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Chopin Edition 17CDs
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100th birthday of Mieczyslaw Weinberg on December 8, 2019.
Renate Eggbrecht has recorded all 3 violin Sonatas

Mozart Brahms
Clarinet Quintets


Recordings of the Month


Jean-Baptiste LEMOYNE

Enescu Ravel Britten

Debussy Images etc.

53 Studies on Chopin Études 1
Konstantin Scherbakov (piano)



Che fai tù? - Villanelles

Cyrillus KREEK
The suspended harp of Babel

violin concertos - Ibragimova

Peteris VASKS
Viola concerto - Maxim Rysanov

The Complete Lotte Schöne




Mirella Freni (1935-2020)

Celebrated Italian soprano Mirella Freni has died in her home in Modena, where she was born in 1935, shortly before her 85th birthday after a long illness. She began her career as a lyric-soprano, gradually moving into the spinto Fach but carefully preserving her voice to ensure a long career by declining offers such as that by Karajan to sing roles she knew to be too heavy – indeed ruinous - for her instrument. Indeed, although Karajan greatly furthered her career, declaring her to be his ideal Desdemona and conducting her in a studio La bohème which remains the reference recording, her refusal to sing Leonora in Il trovatore and Turandot for him in 1980 resulted in a rupture of their professional relationship. She was frequently partnered on stage and in the studio by her Modenese exact contemporary Luciano Pavarotti; the fact that the mothers of two of the greatest 20C singers shared the same wet-nurse, their own milk being rendered unfit for purpose by their working in a tobacco factory, is a coincidence which has passed into legend.

A child prodigy, she first performed in public aged ten, and when she sang in a radio competition at twelve years old, Gigli, who was a judge, wisely advised her to postpone more intensive study until she was seventeen. Comely and a fine actress, Freni, on resuming her studies, made swift progress and made her professional debut in 1955 as Micaëla in Bizet’s Carmen; her international career then blossomed after she had sung at Glyndebourne, first singing lyric roles such as Mimì , Nanetta (Verdi’s Falstaff) and feisty Mozartian women such as Susanna (Le nozze di Figaro) and Zerlina (Don Giovanni), to which she brought exquisite femininity and charm but also ample voice. Her repertoire was large and ever-expanding, ranging from Mozart to Donizetti, Bellini, Rossini, Verdi, Boito, Puccini and finally verismo; her later accomplishments in Tchaikovsky’s operas were encouraged and facilitated by her second husband, the great Bulgarian bass Nicolai Ghiaurov, an expert in Slavic roles with whom she frequently performed. Perhaps the most demanding roles she was prepared both to undertake on stage and record were Aida and Elisabetta for Karajan at Salzburg; she also recorded heavier roles such as Tosca and Cio-Cio-San but eschewed singing them live. She last performed on the operatic stage in 2005 at seventy years old as the teenage Joan of Arc in Tchaikovsky’s The Maid of Orleans, thereby successfully encompassing a career of fifty years - for which feat she earned the nickname “La Prudentissima”. Her voice was always pure and plangent and endured remarkably well, with only some slight loosening of its vibrato as the years passed. She could call upon surprising reserves of power but rarely pressed her voice too hard; I have vivid memories of hearing its size and richness when she sang roles such as Marguérite in Gounod’s Faust at Covent Garden in the 1970’s.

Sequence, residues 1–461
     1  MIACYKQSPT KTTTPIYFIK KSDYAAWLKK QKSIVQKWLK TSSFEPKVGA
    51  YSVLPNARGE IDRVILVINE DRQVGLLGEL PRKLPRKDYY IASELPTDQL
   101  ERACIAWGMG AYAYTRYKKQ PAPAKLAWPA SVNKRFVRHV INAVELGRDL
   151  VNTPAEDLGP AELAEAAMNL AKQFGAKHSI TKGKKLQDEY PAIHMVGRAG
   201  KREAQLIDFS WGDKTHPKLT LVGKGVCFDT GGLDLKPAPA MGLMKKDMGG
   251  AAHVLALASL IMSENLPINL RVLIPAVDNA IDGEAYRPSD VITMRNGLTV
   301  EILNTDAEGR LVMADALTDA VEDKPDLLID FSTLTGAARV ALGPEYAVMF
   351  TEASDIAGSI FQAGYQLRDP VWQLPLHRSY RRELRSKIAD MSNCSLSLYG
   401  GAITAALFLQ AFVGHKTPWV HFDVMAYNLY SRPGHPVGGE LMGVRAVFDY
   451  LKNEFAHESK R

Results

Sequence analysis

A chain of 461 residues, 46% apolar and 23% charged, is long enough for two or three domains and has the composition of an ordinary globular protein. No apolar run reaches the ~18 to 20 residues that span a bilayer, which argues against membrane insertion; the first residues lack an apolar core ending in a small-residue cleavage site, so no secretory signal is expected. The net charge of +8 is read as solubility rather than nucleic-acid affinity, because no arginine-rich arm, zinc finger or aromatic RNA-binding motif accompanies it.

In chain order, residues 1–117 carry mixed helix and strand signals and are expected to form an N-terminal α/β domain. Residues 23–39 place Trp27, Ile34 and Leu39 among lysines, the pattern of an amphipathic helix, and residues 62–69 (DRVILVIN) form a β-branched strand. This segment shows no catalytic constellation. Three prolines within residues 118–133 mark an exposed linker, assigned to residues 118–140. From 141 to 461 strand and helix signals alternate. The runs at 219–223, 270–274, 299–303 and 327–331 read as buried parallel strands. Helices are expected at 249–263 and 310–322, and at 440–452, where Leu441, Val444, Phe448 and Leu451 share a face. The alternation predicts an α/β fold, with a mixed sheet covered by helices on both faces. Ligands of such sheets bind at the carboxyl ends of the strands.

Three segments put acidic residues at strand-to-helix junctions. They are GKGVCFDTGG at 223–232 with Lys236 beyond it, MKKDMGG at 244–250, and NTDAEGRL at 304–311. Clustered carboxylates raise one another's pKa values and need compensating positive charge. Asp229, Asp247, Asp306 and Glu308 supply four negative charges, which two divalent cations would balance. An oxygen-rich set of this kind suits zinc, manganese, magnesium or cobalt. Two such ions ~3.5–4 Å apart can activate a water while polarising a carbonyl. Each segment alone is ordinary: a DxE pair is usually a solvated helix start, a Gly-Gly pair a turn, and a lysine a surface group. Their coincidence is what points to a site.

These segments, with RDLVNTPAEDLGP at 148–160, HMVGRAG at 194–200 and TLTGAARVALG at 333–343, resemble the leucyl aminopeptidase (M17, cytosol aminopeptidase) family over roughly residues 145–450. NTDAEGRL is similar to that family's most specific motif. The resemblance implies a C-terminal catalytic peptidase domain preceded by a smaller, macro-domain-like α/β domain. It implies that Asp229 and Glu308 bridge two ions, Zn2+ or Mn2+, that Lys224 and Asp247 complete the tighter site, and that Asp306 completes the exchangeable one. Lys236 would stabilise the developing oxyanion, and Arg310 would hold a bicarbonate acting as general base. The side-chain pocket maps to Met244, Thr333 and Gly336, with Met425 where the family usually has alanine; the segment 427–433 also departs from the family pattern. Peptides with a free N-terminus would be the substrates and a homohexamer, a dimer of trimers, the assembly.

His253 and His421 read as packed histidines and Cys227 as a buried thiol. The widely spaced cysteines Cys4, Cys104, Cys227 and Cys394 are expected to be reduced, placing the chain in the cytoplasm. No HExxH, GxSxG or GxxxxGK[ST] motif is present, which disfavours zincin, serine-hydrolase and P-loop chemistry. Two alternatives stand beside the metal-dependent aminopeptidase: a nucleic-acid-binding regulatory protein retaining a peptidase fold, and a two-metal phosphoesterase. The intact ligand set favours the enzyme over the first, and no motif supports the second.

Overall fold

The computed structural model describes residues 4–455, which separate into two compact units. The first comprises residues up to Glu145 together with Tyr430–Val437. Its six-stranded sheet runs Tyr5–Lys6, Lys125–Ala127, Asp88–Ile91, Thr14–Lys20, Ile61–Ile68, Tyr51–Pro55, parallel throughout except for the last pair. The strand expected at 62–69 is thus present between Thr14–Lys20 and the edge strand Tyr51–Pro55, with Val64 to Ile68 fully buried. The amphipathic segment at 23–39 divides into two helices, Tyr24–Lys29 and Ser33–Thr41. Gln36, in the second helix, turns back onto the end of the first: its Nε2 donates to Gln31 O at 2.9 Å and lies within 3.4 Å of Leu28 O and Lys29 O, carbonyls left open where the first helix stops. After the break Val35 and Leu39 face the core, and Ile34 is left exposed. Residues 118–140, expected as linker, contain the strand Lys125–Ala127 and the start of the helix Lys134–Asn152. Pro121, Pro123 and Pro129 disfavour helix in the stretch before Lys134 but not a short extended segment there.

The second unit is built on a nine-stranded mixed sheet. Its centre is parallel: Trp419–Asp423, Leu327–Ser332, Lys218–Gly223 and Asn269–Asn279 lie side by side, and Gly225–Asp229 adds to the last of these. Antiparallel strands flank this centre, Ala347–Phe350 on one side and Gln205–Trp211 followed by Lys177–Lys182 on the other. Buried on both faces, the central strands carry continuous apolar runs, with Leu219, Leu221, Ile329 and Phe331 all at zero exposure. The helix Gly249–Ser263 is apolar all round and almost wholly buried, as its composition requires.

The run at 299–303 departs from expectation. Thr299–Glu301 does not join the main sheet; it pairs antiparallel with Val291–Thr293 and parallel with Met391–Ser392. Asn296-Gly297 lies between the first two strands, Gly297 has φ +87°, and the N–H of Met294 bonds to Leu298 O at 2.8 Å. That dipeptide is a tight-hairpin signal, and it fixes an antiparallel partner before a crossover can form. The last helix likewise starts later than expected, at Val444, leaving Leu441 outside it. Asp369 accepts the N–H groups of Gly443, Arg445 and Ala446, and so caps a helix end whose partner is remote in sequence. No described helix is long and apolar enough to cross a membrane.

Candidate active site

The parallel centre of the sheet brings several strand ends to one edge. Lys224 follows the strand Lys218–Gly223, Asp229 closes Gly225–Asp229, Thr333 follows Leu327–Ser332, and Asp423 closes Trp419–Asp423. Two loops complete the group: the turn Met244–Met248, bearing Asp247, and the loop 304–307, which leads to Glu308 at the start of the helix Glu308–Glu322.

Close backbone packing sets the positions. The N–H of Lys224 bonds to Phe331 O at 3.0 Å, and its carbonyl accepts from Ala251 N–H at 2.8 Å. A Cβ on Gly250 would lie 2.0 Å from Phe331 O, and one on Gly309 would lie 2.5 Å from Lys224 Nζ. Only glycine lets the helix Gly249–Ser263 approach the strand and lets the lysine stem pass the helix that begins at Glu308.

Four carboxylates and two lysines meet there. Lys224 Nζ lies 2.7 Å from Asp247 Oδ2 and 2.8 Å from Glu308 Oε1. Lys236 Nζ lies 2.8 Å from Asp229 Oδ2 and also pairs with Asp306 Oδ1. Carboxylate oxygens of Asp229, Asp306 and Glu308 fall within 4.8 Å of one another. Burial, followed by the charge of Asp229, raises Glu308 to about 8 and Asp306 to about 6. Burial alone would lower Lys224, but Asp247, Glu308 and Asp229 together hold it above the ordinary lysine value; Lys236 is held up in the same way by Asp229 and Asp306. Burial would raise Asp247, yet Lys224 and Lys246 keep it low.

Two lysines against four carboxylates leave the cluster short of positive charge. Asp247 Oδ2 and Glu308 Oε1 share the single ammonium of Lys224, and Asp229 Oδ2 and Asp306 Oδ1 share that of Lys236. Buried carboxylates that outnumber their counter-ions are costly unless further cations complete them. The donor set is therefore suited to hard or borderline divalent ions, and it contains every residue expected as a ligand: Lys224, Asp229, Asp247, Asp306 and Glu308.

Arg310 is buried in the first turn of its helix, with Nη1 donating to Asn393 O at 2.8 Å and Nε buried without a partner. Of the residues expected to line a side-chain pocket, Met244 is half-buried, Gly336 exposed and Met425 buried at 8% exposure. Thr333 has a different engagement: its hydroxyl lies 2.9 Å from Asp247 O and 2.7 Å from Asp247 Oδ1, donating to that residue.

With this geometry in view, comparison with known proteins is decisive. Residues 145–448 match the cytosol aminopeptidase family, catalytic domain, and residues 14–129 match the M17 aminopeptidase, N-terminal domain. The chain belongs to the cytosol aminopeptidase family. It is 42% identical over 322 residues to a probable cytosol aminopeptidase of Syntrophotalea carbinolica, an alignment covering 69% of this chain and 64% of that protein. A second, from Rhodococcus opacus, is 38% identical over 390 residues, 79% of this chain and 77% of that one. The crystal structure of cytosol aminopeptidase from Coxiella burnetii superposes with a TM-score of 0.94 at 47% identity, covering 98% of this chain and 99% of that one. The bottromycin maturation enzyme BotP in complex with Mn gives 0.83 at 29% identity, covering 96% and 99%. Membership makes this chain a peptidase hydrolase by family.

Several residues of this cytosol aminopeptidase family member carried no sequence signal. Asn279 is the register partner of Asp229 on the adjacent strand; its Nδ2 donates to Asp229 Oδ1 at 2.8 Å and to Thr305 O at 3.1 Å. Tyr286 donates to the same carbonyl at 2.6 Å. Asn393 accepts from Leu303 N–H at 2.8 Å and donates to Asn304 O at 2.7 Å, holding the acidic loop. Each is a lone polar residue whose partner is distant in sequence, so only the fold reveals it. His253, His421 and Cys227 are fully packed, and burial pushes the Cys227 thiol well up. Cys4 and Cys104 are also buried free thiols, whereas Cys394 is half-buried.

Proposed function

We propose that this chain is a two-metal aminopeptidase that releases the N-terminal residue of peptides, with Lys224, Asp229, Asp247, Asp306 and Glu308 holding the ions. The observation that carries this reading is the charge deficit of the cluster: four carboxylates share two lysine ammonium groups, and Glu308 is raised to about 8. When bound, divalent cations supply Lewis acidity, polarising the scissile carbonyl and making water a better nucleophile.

Those who never heard her sing live may gauge her pre-eminence by dipping into her legacy of many fine recordings. Among the best are the Puccini and Verdi roles she recorded for Decca and EMI under Karajan mentioned above, her L’amico Fritz for EMI and her Amelia/Maria in Simon Boccanegra under Abbado for DG; a fine example of her later recordings is her Tatiana in Eugene Onegin, made in her early fifties when her voice shows little sign of wear.

Ralph Moore

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